Emmanuelle Dankwa, after her secondary education at the Abuakwa State College, applied to study medicine at the University of Ghana because she thought it would be ‘cool’ to become a doctor.
The application process allowed for multiple courses to be chosen, as second and third choices. Emmanuelle, however, was offered a combination of Mathematics and Statistics instead, which happened to be her third choice.
“It was not until the end of my second year in the university that I realised what a good choice I had made in deciding to study Mathematics (with Statistics). After a bit of self-reflection, I found that my apparent interest in becoming a doctor was purely influenced by a societal bias towards medicine as a more ‘prestigious’ field, rather than my own true desires,” Emmanuelle noted.
Fast forward to 2017, Emmanuelle graduated with a first-class honours degree and was named the best graduating female student in her subject area. She later worked as a teaching assistant at the Department of Statistics in the University of Ghana, teaching first and second-year undergraduate students. During that period, she was encouraged by my lecturers to explore opportunities for further study. With the excellent coaching of some mentors, she applied for the Rhodes Scholarship to study for a postgraduate degree at the University of Oxford.
“I could not contain my joy when I was announced as one of two winners of the inaugural Rhodes Scholarships for West Africa. I remain thankful for the phenomenal support received from my family, friends and mentors during the application and selection process,” she said.
Emmanuelle is currently a PhD candidate at the University of Oxford, working towards a degree in Statistical Science. Her main area of specialisation is in statistical epidemiology and the modelling of the spread of infectious diseases. She focuses on the application of mathematical models and statistical principles in studying the design of robust models which can reliably inform intervention strategies in the face of an epidemic.
Emmanuelle’s modelling experience cuts across human diseases such as malaria and hepatitis A, to animal diseases such as African swine fever.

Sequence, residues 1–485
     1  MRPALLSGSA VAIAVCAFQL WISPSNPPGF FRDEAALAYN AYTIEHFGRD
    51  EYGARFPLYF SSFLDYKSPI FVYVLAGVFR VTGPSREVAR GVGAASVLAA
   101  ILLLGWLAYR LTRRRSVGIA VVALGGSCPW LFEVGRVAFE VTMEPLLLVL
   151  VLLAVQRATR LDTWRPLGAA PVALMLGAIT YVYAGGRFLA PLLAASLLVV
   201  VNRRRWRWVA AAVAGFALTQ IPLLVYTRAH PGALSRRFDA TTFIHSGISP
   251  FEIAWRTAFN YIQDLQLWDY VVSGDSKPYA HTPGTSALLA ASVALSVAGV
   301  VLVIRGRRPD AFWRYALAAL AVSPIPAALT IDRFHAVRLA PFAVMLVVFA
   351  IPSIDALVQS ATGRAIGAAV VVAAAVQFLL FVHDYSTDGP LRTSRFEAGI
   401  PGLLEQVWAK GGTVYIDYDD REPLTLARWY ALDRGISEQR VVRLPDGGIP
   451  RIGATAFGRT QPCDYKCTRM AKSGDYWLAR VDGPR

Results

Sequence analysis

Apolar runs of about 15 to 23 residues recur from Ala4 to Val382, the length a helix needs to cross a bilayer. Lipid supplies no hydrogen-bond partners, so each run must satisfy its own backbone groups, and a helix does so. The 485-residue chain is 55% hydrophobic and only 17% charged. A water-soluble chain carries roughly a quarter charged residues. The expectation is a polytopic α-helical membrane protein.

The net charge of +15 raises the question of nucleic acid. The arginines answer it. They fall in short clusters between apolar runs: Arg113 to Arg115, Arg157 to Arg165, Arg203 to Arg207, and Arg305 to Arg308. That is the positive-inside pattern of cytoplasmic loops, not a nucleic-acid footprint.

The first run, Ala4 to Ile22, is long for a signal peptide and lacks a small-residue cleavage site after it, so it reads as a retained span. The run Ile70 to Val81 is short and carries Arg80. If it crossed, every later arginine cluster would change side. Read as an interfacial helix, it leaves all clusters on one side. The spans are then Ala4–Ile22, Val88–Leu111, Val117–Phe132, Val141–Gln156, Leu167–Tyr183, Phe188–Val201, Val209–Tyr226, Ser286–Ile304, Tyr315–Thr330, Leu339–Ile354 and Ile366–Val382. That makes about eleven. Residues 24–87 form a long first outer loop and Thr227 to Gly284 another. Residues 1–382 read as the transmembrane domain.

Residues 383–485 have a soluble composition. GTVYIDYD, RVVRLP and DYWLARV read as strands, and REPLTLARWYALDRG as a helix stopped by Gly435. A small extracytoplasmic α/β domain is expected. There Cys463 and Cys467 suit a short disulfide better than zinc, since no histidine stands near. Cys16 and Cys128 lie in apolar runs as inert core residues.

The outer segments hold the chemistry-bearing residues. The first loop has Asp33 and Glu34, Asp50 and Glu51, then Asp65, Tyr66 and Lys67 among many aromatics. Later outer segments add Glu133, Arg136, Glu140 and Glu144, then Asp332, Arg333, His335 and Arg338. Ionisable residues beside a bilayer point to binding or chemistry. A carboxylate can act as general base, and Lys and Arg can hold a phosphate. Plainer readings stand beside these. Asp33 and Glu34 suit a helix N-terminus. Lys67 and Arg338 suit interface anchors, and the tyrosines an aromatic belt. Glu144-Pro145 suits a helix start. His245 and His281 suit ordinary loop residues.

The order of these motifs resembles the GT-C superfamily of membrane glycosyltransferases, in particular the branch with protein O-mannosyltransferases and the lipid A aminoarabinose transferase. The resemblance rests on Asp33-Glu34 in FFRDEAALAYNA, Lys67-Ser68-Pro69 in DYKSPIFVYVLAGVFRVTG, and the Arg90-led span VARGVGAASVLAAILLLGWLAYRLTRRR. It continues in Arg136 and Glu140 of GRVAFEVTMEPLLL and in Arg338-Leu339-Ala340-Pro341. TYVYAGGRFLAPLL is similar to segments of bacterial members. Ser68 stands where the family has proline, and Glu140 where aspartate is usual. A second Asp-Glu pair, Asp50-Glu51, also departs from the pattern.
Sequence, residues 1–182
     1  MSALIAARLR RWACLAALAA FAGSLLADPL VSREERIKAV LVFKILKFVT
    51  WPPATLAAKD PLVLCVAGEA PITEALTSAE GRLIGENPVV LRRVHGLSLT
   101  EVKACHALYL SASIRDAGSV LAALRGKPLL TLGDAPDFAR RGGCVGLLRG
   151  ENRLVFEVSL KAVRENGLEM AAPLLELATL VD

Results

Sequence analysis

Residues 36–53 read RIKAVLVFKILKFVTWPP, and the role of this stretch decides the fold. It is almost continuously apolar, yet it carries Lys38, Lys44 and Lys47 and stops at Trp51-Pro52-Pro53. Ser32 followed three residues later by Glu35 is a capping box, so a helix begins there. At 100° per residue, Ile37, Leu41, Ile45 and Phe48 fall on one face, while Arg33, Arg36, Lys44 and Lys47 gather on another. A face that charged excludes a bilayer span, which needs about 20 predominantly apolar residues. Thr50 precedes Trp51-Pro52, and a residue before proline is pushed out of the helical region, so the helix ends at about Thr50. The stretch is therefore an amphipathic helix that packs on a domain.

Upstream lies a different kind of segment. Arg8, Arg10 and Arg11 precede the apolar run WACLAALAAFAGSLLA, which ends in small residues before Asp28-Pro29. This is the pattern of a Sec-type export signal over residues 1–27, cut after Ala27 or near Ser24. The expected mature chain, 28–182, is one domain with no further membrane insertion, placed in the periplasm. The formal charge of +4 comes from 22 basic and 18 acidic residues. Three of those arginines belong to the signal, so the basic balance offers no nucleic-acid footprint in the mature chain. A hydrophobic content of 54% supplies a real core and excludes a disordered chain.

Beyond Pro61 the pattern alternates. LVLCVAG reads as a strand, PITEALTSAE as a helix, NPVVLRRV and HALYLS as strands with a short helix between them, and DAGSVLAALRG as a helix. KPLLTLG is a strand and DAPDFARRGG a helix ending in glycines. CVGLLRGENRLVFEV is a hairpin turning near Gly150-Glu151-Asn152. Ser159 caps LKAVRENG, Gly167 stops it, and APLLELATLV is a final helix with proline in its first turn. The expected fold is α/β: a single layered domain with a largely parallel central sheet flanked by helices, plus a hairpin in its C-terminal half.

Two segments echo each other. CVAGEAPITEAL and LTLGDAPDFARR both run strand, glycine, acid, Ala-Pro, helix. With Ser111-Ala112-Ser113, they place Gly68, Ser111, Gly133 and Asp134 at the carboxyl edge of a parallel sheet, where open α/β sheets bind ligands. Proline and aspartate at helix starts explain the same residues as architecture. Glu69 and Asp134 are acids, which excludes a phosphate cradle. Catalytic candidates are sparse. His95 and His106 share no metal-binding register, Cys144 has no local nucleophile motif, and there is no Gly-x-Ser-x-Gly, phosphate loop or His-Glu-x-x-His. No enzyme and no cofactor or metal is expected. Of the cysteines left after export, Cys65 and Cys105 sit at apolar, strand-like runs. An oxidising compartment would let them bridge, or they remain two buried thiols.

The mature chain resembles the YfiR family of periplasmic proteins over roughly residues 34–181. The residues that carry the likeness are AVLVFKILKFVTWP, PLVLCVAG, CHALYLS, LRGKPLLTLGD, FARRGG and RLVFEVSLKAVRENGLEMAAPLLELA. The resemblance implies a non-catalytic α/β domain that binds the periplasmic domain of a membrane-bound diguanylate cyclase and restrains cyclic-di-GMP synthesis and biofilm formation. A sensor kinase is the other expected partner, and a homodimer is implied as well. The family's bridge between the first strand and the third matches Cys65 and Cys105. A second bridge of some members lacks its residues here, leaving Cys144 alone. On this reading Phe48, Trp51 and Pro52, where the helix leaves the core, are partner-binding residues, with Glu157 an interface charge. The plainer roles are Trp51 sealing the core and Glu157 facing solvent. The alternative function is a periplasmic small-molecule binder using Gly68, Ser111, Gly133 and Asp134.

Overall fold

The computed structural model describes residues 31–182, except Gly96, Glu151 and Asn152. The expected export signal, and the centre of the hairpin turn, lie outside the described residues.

Giving an insight into her research methods and aims, she said: “I use two types of data in my research: surveillance data collected during actual outbreaks and ‘artificial’ data generated with the aid of a computer.”
“To make the models that I develop more realistic, I consider various factors, especially those which may affect how different individuals respond to an infection. One such factor is vaccination. Using these models, I can estimate the level of vaccination required to halt or slow down the spread of an infectious disease. This information is particularly useful in the planning of vaccination programs.”
“My research is highly relevant to the promotion of public health and wellbeing. When individuals and governments have a clearer understanding of the factors which influence the spread of infectious diseases, they will be in a better position to take the best actions to prevent and control outbreaks. Consequently, more people will be protected against infectious diseases and more lives will be saved.”
Emmanuelle is a member of St Peter’s College, where she serves as Welfare Officer at the College; and as Treasurer of the Oxford University Africa Society.
She is also the co-founder of CIYZOE Eco Group, a non-governmental organization involved in advocacy for plastic waste recycling as well as in the facilitation of efficient plastic waste cycles in communities and institutions. She doubles up as team leader of the Group’s vibrant community of volunteers.
source: Oxford University
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